Last year in the run up to Christmas, I happened to be teaching a number of Shakespeare plays. By sheer luck my brain was stuffed full of the Elizabethans and so it wasn’t a surprise then when this question wormed its way in: “what was an Elizabethan Christmas like?”

If I had to sum up an Elizabethan Christmas in 3 words, I would choose: fun, collegial, symbolic.

Fun meant food and games and frivolity. The festive season for the Elizabethan was the moment in the year where the hard work of life ceased and every man, woman, and child celebrated the festival of mid-winter.

Collegial and shared celebrations were the norm for all. At this point of the year the rigidity of social class structures dissolved. Noble man and peasant would stand side by side to share in Christmas cheer.

Symbolism and ritual were also the hallmark of this season. The Christmas Candle, the Yule log, Wassailing, and the 7 course banquet all played a role in making Christmas truly spectacular period for the Elizabethans.

So how can you bring some Elizabethan fun into your classroom?

Read a poem about an Elizabethan Christmas

Read Thomas Tusser’s poem “Christmas Cheer” as an introduction to Elizabethan Christmas festivities and perhaps even study some Elizabethan Christmas Carols in your lessons.

My “Host an Elizabethan Christmas” set includes Tusser’s poem along with other authentic texts describing an Elizabethan Christmas. It also includes 4 Elizabethan carols for your students to read, understand, and explain.

Work together to host an Elizabethan Christmas

Create a beautiful Christmas community in your classroom with this fun and informative group work task.  Here’s how it works:

In groups, students learn about the different elements of an Elizabethan Christmas (for example Christmas decorations, or the Yule Log). They then have 2 creative tasks to share with the class:

  1. first, create a visual summary of what they have learnt (see the sunburst sheet for an example below) and then and most importantly,
  2. they make their gift to contribute to the class Elizabethan Christmas.  There are 6 groups and they make: the feast (see the peacock, goose and ships); the yule log; the Christmas candle; a people paper chain, decorations; and Christmas stars. Each one of these represents the ritual and symbolism of an Elizabethan Christmas.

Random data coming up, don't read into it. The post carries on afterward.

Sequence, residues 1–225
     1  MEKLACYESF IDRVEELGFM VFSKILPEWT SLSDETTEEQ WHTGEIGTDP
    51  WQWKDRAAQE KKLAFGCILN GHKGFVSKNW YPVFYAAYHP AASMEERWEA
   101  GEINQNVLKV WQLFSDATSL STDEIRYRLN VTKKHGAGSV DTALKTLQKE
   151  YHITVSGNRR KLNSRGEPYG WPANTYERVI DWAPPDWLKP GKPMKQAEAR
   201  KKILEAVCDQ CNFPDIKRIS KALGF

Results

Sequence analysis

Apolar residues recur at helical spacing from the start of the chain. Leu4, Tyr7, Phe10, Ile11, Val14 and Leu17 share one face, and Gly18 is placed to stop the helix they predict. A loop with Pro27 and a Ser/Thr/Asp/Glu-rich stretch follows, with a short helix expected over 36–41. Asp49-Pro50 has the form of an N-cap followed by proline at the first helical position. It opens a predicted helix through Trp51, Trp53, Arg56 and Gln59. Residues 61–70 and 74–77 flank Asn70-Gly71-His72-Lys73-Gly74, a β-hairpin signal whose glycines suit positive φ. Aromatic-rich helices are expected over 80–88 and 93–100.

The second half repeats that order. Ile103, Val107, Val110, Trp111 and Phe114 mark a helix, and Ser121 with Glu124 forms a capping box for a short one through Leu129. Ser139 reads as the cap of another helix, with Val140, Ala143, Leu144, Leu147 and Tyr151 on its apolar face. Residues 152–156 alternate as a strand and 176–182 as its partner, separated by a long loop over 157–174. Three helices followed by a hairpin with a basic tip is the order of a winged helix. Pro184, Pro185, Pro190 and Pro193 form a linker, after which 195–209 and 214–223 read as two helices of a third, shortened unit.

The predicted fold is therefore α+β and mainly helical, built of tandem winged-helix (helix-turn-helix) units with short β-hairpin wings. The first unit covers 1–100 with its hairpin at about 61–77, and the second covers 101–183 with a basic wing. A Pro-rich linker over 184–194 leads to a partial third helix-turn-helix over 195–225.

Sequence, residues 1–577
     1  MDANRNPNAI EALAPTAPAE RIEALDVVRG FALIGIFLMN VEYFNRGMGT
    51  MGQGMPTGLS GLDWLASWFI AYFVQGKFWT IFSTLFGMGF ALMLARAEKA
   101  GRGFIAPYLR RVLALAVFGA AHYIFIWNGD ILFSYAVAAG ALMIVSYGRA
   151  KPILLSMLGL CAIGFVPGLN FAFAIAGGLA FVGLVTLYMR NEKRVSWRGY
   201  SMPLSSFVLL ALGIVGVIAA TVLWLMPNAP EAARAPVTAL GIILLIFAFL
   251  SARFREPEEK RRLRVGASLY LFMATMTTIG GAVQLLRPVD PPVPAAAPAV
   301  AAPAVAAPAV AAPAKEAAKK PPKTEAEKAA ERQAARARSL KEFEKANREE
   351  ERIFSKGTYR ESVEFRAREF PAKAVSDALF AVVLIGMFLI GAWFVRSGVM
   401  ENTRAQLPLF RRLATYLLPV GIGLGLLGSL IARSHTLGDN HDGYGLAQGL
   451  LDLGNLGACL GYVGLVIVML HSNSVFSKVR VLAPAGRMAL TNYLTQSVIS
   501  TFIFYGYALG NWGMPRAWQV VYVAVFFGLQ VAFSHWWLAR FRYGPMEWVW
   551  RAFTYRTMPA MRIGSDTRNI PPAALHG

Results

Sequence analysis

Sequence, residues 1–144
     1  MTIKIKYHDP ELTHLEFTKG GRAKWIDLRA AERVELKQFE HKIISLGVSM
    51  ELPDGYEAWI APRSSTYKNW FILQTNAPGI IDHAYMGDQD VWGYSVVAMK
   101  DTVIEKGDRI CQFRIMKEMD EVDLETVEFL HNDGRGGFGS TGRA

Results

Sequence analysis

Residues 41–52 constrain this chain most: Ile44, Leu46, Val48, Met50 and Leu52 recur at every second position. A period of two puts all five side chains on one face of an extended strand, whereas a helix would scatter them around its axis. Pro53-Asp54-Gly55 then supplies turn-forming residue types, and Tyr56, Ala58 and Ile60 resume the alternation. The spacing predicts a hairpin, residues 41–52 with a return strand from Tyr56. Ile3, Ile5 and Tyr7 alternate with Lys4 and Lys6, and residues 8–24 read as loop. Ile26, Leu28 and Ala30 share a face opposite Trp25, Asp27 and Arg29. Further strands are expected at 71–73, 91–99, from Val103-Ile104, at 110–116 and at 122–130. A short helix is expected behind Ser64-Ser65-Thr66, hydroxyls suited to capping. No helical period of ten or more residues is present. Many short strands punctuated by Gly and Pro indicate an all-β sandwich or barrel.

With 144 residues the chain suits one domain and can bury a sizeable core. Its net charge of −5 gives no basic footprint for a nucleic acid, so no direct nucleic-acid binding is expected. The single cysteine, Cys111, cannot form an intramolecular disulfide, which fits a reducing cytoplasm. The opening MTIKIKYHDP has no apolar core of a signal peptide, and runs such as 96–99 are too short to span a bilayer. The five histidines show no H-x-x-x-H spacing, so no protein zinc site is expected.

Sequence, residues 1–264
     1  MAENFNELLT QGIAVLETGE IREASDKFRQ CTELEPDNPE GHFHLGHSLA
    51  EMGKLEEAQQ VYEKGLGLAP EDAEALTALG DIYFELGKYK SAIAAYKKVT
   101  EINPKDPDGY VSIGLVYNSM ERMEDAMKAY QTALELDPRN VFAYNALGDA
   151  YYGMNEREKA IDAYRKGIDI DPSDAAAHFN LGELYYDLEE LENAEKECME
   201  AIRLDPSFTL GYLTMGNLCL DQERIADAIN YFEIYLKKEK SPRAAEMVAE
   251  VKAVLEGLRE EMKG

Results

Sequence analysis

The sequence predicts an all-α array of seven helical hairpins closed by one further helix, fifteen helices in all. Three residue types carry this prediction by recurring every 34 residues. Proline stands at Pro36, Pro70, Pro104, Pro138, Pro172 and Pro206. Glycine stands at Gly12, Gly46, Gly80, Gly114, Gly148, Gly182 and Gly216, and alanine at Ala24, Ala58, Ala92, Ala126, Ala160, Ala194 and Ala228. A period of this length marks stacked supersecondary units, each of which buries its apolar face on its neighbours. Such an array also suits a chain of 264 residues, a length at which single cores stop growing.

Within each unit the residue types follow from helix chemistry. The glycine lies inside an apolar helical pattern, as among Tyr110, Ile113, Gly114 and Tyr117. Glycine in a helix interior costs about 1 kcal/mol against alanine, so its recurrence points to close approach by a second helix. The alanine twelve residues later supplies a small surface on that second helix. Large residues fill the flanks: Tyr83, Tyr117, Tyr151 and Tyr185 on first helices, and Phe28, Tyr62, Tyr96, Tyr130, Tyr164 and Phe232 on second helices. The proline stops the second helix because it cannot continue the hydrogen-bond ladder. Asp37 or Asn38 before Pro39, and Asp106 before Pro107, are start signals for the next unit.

Everything you need to set up this group work activity is included in my Elizabethan Christmas pack. It is almost as easy as print and go (you just need scissors, glue, colors and you are done!)

Once the groups have made their gifts, they can give a presentation covering what they have learned and this foldable mini-book is a great place for students to record their new knowledge.

That’s not all..!

This set also includes:

  • A description game to guess the complete menu of a Tudor 7 course Christmas banquet.
  • A guide to creating your own Elizabethan Christmas banquet.
  • An explanation of the tradition of The Lord Of Misrule, with an opportunity to become a modern day Lord of Misrule.
  • Information on Mummer’s Plays and their purpose, and a modern re-imagining of this traditional hero story.
  • Some Elizabethan Christmas games and how to play them, including “Hide fox and after all”; “Hotcockles” and “Snapdragon”.
  • Last but not least, an exploration of the tradition of Wassailing and its reinvention into carol singing or yule-singing.

This fun and engaging set contains 3 days+ of activities and will bring some hilarity, joy, and a lot Christmas history into your classroom. Click here to go straight to this set.

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Christmas activities your teens will love!